REFERENCE: IT! IS! OK! TO! REFERENCE! I can’t stress this enough, free reference photo databases are just a google away! Learn that anatomy fam! Even if you’re doing cartoons, it will be so much easier with the anatomical knowledge! Also, I have no problem with learning artists referencing my art when starting out with drawing.. 2 RULES TO REFERENCING PRE-EXISTING ART: 1) don’t claim it’s your art. 2) ask the artist if it’s cool first! Some aren’t okay with it and ya gotta respect it! ❤Also try to get off the crutch of referencing pre-existing art quickly! Referencing art helps you practice, but nothing beats referencing from real, organic life, because that’s where your style will come out.
Simplify: esp. pertaining to expressions, the more you complicate things, the harder it will be for it to read. It will get lost among the busyness. Look at the drawing as a whole as opposed to only paying attention for details. Don’t be concerned with making a masterpiece!! Sketchbooks should be messy!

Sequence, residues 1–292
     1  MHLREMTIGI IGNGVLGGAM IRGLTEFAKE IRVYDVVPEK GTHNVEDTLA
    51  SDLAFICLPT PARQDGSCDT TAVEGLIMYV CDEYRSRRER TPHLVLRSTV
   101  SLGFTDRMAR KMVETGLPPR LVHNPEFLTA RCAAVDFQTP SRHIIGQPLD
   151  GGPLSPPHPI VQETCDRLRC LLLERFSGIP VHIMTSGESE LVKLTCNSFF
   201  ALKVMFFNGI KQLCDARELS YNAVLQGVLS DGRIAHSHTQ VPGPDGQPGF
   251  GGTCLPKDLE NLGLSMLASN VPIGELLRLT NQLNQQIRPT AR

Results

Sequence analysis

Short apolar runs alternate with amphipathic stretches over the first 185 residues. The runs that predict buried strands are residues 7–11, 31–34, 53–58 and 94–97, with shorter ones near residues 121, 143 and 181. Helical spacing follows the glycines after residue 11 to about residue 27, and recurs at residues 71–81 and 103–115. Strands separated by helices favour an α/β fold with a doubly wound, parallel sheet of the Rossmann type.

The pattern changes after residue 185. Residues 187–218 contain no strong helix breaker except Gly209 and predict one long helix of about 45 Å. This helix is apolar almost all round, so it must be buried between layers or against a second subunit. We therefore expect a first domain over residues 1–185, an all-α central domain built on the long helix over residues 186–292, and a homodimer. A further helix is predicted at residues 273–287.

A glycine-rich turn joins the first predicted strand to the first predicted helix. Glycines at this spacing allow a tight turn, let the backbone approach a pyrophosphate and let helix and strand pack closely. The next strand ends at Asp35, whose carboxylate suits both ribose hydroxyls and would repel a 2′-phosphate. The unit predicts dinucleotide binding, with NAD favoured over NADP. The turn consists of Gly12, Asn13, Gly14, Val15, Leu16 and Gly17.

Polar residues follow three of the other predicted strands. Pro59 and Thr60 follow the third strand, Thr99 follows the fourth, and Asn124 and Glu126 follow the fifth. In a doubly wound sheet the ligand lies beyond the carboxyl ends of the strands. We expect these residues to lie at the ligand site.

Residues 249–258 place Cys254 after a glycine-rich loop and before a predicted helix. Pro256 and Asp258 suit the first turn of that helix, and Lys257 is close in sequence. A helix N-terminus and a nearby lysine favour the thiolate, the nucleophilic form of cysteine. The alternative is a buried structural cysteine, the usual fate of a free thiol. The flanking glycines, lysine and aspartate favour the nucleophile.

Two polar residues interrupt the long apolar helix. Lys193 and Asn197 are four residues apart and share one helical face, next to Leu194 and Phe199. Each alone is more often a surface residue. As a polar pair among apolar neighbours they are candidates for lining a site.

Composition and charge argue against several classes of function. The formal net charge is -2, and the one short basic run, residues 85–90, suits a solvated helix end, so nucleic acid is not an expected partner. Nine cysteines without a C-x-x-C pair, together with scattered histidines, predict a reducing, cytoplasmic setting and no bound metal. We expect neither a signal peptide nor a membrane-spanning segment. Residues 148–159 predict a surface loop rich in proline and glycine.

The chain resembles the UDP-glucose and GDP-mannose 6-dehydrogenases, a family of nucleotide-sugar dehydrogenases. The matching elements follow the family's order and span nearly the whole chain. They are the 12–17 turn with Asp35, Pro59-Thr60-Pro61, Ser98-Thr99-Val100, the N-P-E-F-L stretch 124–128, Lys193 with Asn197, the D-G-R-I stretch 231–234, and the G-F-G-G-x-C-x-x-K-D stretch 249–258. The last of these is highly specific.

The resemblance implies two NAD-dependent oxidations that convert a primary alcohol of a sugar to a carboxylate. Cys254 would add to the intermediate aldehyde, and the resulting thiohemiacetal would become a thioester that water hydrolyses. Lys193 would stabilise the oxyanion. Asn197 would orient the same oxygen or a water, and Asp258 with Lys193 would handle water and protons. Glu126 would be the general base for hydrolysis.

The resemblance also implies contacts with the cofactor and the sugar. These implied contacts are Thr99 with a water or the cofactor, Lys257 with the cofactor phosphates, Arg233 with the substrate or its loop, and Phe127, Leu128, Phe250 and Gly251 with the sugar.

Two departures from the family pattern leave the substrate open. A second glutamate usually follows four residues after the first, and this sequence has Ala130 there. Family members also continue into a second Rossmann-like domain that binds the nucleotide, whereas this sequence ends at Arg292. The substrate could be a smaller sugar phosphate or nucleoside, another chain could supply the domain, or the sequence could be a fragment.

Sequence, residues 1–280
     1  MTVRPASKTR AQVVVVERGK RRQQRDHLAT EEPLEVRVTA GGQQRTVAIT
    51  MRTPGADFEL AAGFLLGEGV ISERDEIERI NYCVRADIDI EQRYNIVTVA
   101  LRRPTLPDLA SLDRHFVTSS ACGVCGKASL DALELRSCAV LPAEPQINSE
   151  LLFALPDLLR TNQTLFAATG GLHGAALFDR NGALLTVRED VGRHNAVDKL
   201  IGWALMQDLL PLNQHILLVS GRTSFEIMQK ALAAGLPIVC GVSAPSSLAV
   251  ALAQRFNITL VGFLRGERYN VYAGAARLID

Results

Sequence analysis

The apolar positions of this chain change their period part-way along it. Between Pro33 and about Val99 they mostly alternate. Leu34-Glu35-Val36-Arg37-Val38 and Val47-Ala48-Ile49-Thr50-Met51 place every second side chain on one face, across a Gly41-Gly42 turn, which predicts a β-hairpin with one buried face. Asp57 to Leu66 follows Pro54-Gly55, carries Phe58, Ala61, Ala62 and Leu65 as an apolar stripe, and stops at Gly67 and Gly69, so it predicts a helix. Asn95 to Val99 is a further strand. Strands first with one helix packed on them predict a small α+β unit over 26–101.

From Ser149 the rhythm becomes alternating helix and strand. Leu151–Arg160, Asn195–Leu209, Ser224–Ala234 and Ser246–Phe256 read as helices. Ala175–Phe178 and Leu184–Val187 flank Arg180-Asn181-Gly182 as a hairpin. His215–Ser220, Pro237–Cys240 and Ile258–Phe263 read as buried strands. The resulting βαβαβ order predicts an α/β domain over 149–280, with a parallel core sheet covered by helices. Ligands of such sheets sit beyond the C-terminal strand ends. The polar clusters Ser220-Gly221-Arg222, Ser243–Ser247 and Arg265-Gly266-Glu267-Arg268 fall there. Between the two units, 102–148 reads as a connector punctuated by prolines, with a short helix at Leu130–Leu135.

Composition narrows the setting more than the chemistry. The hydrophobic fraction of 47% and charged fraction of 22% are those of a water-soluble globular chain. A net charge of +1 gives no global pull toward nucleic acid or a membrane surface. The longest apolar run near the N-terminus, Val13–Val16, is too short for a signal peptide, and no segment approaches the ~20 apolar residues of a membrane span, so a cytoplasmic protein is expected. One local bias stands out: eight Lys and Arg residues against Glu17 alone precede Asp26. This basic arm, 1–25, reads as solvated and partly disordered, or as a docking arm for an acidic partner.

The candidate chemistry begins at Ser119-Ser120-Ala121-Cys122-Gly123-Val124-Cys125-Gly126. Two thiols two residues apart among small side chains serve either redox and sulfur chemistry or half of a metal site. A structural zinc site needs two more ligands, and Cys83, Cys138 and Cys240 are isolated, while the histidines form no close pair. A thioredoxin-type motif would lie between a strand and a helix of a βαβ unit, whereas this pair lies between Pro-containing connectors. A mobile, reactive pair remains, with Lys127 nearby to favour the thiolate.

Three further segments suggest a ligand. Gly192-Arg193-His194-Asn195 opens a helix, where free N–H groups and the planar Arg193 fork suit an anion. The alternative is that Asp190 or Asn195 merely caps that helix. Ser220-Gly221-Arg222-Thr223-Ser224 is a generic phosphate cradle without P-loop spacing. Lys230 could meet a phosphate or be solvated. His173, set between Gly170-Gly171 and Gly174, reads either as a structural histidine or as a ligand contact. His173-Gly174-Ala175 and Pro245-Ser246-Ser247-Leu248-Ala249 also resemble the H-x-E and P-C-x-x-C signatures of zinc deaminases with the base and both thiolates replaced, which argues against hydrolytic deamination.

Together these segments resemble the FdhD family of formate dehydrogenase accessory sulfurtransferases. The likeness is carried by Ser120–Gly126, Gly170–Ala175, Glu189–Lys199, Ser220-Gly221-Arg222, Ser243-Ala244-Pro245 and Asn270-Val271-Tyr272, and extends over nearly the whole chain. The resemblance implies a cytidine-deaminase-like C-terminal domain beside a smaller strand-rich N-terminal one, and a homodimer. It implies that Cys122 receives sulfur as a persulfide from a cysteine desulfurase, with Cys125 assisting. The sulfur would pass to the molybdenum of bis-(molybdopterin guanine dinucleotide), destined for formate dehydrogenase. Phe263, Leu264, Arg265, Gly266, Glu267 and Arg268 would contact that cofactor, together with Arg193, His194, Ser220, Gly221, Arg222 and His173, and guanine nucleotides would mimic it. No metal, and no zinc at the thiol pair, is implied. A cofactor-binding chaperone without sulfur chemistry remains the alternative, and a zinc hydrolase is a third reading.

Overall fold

Get back to basics: anatomy, colour theory and the elements of design!!! they help a whole heck of a lot!!! Never be satisfied with your knowledge of these basic things bc you learned them in like kindergarten,, okay????
A(cting)RT: you can convey a LOT if you have the mindset of telling a story with your sketch!
Cheap: don’t worry abt using fancy shmancy supplies! I get mine from the dollar store (sketchbook, erasers and mechanical pencils! Definitely get good paper if ur using copics or high quality markers but like I literally only sketch traditionally w pencil… ) I find I’m so scared to use expensive sketchbooks that I hardly draw in them and I hate everything I draw. I go through like 1 or more sketchbooks a month so… that would rack up quick if I was using like $20.00 sketchbooks instead of $2.00 ones.